They sit in the car looking straight ahead. ‘I’d better go,’ she says. They stay. In the parking lot cars come and go. Some drivers reverse carefully between the lines others fang in careless.
‘There’s a pattern. If you watch long enough.’…
‘Here’s one,’ Mother said. ‘Central coast, shark bites surfer. We haven’t had a good shark story all summer.’
‘It’s the storms,’ I said.
‘No-one’s in the water, the beaches are closed.’
‘We used to go there for holidays when you were little, Umina.’
‘It was Terrigal.’
She was reading again, mouth full of toast. ‘Puncture wounds. What a duffer,’ she snorted. ‘Everyone knows evening is shark feeding time.’
‘Anything else?’ I was late.
‘Let’s see.’ She moved her finger down the newspaper. ‘Crash, crash, stabbing, crash with alcohol, brawl three arrests, and an eight-year old with an arrow stuck in her skull.’ She sucked her breath.
‘Try not to think about it,’ I kissed the top of her head.
She grabbed my hand, her eyes full at the sadness of it. ‘How? How can we not? Some poor kiddy with a shaft sticking out.’ She pantomimed.
Summer and the country is ablaze. The seas are a wild fetch of gales foam and suck, the highways a derby of dozing drivers their heads down on the steering wheel, foot heavy on the gas. And the children, the poor lambs, in their pyjamas with a raggedy teddy in a backpack holding hands right on the verge as the headlights come up on them.
In this heat the suburbs are a time-bomb of banging screen doors, broken glass and raised voices.
Simple: the car hit the tree and the steering wheel hit her head and the engine fire-wall pressed in and her torso did the crash-test-dummy limbo: her arms and legs rose up together, her head came forward and then back and everywhere was the spangle of glass — and the breath of life left her.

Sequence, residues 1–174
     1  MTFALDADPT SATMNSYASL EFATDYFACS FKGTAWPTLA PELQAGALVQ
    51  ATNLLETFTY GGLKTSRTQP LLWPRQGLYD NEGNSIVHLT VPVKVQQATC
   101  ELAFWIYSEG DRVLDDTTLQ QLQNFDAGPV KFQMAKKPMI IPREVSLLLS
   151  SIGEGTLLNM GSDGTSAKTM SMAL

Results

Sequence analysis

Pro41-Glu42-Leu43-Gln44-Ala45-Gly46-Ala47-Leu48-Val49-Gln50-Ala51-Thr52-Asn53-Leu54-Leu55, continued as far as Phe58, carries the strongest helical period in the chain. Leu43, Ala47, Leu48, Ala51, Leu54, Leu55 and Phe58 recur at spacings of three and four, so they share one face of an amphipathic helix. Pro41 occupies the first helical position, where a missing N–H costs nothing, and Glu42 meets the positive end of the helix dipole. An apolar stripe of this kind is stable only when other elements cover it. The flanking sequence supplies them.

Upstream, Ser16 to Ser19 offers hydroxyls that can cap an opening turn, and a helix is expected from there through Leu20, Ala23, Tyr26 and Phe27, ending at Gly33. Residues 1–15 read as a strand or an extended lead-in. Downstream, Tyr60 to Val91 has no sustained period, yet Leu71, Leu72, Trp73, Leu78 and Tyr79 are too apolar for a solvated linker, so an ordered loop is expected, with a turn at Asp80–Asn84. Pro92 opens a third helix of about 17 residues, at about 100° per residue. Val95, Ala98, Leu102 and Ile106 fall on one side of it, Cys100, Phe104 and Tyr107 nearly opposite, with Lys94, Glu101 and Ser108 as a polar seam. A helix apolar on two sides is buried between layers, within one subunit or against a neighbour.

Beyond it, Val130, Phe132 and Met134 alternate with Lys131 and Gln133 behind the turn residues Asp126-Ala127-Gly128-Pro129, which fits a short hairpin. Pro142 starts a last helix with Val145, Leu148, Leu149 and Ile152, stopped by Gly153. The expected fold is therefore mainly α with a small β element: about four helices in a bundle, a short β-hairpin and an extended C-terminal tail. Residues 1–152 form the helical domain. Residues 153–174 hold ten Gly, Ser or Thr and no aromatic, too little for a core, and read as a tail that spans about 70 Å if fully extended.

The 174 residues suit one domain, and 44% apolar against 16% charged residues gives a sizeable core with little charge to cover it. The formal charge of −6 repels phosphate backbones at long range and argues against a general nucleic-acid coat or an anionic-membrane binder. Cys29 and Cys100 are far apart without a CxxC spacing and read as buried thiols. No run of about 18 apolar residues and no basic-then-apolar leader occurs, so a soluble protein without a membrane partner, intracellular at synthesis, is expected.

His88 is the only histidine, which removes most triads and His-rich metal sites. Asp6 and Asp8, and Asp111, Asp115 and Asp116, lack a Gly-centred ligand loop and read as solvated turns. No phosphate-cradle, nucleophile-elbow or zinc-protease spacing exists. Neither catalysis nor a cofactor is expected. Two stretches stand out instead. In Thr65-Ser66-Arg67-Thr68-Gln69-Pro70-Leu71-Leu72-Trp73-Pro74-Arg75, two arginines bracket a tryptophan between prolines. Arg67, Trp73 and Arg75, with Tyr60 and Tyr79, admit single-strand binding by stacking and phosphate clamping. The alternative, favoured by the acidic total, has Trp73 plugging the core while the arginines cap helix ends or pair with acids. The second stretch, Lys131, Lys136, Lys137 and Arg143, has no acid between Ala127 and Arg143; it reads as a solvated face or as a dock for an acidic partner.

‘Maybe one or two injuries she might have survived but cumulatively…’ The young constable stopped.
‘Was it …?’ Mother asked.
‘Instant.’ He snapped his fingers. ‘Like turning off a light.’
Diary of a madman (1)
- My senses have been purified and now I perceive all living things have an electric glow. You can discern the nature of a thing from the colour of its aura: blue is noble and uplifting, red is passionate or a little unwell, black is…well. I’ve turned the desk lamp to shine directly over my hand and I can see little crystalline points coming out from my finger tips violet and green and, where I slammed my thumb in the dishwasher, a bruised purple.
- Parrots zoom out of the trees leaving coloured contrails. High above gulls track white and grey lines across the blue. Crows underline their laughter with yellow ribbons of cunning.
- Energy is everywhere. My hands crackle with static, my hair is on end under my hat. Walking towards an object —a tree or lamp-post—it hums and whines, rising in frequency as I approach and then falling like an ambulance retreating as I pass. Tree stump…stummmmmmnnnnnppp, bicycle bbbbuhhhhhiiiiiiiiseeeeekkkulllll, motor kkkkaaaaaiiiiiiaaaaahhhhh.
- Sub-atomic houseflies pop in and out of existence above my bed and beetles like B52s rattle the windows and the water glass by my bed.
Justine on the swing laughing her hair flying back, her legs bare. Low afternoon sunlight penetrates the fabric of her dress as she hurtles towards me with the sound of a jet engine, deafening.
Mother was at the paper when I came down in the morning.
‘What’s news today?’ I said reaching for the coffee.
‘A woman was pinned in her car for three days. Drove into a gully. Swerved to miss a roo apparently. Trapped all that time by her leg. Stuck until some teenager walking her dog heard her cries.’ She took a mouthful of tea.
‘The paramedics say,’ she continued. ‘That by the time they got to her she was so desperate she would have cut her leg off but didn’t have anything sharp at hand.’
Mother paused and looked up at me. ‘You look terrible.’
All night the melancholy moon’s beauty lay across the houses and lawns and the trees where centipedes and roaches run. In my bedroom, beguiled, I waited long on its setting.